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London underground is used everyday by lot of us to get to work.......during weekends, over crowding is not a problem....i never find it very expensive.........that is the reason why it is called customer friendly. All through the week, I have this train extremely frequent. Like me, it’s the only means of travelling in London for many. During weekends, sometimes have to undergo temporary suspensions…….for which I keep a constant check at TFL website. that ways you cant rely on it completely for weekends.........On Saturdays and Sundays, the Jubilee Line is merely a nightmare……….overcrowded trains…many a times I feel scary when trains stops for a while in a tunnel .....that moment I feel like I should use any other means of transportation………….no doubt cleanliness can’t be beated anytime…well maintained. Commuting across London simply takes less than an hour.
With roots dating back over 150 years, London Underground has a long and fascinating ... more
history and is ever changing. Starting at Paddington (ends at Westminster station), learn all about how this extensive underground network was hand built over a century ago, catch a rare glimpse of a secret disused ghost station which was abandoned over 50 years ago and much more. Bring your Oyster card and whether you wish to discover more about design and engineering or architecture aspects, this tour offers something for everyone. Then a tasty two-course lunch at a Classic Inn Pub in Mayfair (choose a starter and main course, or go for main meal followed by dessert) with a glass of beer, wine or soft drink. A winning combination!
Tube: Station to Station on the London Underground, written by Oliver Green and published ... more
by Shire Publications, provides historical background to Londonâs present day Underground network and then takes you on seven guided tours to observe the influence of architects such as Charles Holden, designer of many stations built in 1920s and 1930s, or Sir Norman Foster.This pocket-size book first charts the expansion of the Underground system from its beginnings in 1860 to the present day work on Crossrail, and then provides descriptions of journeys (Inner Circle, Pioneer Tubes, Bringing Chicago to London, Metro-Land, Northern Heights, Piccadilly Progress, and Heading South and East: DRL and JLR) with best examples of old and new buildings, platform decorations, etc.Illustrated throughout by numerous photos, the book will provide much new interesting information both to every day tube users and to visitors to London.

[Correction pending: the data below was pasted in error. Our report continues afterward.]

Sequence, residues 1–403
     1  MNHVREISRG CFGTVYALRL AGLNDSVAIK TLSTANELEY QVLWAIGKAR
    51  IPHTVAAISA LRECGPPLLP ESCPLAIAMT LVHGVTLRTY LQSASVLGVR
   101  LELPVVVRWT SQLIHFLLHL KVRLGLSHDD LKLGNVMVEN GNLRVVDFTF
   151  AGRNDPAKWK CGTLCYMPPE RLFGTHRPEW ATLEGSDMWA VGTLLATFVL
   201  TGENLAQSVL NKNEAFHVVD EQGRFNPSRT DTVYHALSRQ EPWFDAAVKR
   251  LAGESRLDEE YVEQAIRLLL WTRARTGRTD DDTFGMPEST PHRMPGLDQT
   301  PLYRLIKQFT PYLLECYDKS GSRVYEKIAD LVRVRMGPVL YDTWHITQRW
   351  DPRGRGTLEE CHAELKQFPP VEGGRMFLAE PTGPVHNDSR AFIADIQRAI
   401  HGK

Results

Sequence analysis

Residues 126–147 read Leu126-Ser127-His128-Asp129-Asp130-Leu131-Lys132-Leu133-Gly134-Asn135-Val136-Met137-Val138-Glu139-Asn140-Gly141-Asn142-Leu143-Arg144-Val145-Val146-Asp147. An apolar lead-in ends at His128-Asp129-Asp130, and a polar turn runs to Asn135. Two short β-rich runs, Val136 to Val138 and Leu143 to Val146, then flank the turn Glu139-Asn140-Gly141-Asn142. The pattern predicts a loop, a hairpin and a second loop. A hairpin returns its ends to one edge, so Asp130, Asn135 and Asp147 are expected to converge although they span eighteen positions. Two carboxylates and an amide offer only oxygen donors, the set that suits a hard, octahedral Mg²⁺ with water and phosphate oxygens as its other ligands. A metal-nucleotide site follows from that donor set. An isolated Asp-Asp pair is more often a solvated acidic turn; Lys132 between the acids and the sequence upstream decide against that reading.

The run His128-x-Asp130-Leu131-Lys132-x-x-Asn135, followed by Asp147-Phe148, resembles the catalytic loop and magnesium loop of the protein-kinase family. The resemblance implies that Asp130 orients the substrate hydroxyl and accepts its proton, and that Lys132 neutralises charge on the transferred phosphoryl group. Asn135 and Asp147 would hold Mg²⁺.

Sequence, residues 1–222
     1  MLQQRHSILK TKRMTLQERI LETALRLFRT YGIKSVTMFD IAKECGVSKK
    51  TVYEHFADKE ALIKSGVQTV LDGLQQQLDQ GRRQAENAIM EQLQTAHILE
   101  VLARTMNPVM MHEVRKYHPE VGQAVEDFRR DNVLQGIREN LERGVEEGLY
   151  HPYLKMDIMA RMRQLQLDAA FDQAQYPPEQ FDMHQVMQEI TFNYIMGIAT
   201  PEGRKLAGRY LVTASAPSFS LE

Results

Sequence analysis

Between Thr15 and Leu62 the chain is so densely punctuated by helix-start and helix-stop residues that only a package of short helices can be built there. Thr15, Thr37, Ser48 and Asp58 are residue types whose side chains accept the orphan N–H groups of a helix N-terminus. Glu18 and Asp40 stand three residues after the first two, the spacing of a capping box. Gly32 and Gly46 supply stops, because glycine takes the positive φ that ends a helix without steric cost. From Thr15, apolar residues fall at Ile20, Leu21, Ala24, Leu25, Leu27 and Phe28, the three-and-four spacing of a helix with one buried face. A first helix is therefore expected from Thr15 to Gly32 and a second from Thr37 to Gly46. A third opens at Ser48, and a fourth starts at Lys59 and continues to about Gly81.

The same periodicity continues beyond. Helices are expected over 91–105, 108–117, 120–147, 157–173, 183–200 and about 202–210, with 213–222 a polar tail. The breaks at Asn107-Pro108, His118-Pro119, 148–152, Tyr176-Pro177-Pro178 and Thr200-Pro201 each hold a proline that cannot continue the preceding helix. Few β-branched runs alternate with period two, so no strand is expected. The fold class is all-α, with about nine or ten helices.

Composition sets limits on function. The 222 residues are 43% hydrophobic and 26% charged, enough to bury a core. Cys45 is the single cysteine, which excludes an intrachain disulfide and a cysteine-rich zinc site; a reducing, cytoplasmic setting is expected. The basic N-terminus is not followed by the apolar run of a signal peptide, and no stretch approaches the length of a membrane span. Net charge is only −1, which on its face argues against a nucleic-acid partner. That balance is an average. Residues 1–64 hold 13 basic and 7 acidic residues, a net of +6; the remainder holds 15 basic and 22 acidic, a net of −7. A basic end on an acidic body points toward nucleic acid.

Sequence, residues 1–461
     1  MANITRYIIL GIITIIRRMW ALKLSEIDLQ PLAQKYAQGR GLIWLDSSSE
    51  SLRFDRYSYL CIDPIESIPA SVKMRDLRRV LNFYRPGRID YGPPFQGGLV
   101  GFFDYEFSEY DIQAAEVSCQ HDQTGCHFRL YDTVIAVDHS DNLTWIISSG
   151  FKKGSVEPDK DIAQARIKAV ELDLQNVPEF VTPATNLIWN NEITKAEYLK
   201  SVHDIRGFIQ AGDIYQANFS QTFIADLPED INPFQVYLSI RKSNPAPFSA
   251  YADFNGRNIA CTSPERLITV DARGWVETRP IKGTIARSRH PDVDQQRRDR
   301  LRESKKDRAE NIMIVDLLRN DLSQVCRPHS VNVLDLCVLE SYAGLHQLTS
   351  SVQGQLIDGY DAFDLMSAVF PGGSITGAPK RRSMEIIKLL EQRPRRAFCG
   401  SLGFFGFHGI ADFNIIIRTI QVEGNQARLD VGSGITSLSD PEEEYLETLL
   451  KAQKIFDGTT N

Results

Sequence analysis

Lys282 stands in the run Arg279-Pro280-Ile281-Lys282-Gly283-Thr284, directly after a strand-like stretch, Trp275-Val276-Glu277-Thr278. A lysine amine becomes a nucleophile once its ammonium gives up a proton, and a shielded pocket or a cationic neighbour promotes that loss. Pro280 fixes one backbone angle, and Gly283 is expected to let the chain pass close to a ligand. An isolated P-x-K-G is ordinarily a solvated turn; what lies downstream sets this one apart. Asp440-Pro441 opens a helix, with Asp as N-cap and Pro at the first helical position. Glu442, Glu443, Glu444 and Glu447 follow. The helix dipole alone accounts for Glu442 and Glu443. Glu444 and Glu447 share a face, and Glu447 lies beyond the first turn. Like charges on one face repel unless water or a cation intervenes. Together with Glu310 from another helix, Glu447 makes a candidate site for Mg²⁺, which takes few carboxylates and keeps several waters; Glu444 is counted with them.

London`s Underground is associated with a multitude of ghostly stories and sightings, ... more
particularly on stations and abandoned lines, many of which are in close proximity to burial sites from centuries ago. This chilling book reveals well-known and hitherto unpublished tales of spirits, spectres and other spooky occurrences on one of the oldest railway networks in the world. The stories of sightings include the ghost of an actress regularly witnessed on Aldywch Station and the `Black Nun` at Bank Station. Eerie noises, such as the cries of thirteen-year-old Anne Naylor, who was murdered in 1758 near to the site of what is now Farringdon Station, and the screams of children who were in an accident at Bethnal Green Station during Second World War, are still heard echoing. These and many more ghostly accounts are recorded in fascinating detail in this book, which is a must-read for anyone interested in the mysterious and murky history of London`s Underground.